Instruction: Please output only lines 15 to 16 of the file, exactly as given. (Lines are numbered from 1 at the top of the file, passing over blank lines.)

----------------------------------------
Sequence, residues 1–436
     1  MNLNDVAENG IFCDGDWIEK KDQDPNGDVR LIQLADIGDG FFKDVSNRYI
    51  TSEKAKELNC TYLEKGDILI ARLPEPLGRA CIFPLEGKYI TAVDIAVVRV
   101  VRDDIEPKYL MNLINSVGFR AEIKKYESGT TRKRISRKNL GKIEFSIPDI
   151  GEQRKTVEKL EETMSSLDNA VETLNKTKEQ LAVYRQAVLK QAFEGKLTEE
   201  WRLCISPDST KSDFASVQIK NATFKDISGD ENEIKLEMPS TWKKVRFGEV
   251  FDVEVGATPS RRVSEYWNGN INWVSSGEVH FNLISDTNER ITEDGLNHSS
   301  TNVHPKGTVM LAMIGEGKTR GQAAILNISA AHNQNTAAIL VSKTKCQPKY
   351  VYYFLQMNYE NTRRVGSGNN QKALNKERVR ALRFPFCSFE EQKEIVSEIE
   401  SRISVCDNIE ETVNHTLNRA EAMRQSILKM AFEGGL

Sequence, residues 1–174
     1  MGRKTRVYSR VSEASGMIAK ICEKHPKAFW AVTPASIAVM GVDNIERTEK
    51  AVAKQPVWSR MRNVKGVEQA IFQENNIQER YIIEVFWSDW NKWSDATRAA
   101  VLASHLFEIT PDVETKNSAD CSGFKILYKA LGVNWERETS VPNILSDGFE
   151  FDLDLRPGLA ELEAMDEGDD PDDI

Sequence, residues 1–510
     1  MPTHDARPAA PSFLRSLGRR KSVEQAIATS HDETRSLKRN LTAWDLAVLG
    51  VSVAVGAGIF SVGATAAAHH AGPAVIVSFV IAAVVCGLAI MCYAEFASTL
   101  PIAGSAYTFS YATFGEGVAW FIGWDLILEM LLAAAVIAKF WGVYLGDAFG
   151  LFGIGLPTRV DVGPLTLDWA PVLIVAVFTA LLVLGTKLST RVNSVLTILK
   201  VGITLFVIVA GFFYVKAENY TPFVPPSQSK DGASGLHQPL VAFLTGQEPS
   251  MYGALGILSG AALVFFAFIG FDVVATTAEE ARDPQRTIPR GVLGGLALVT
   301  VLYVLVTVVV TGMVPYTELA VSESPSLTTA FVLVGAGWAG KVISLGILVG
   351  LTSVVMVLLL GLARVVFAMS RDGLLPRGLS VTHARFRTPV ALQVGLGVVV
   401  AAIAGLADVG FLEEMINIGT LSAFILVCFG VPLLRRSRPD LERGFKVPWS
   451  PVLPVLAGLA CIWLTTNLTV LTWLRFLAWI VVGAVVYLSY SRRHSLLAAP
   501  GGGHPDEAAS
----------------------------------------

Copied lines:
   151  FDLDLRPGLA ELEAMDEGDD PDDI

Sequence, residues 1–510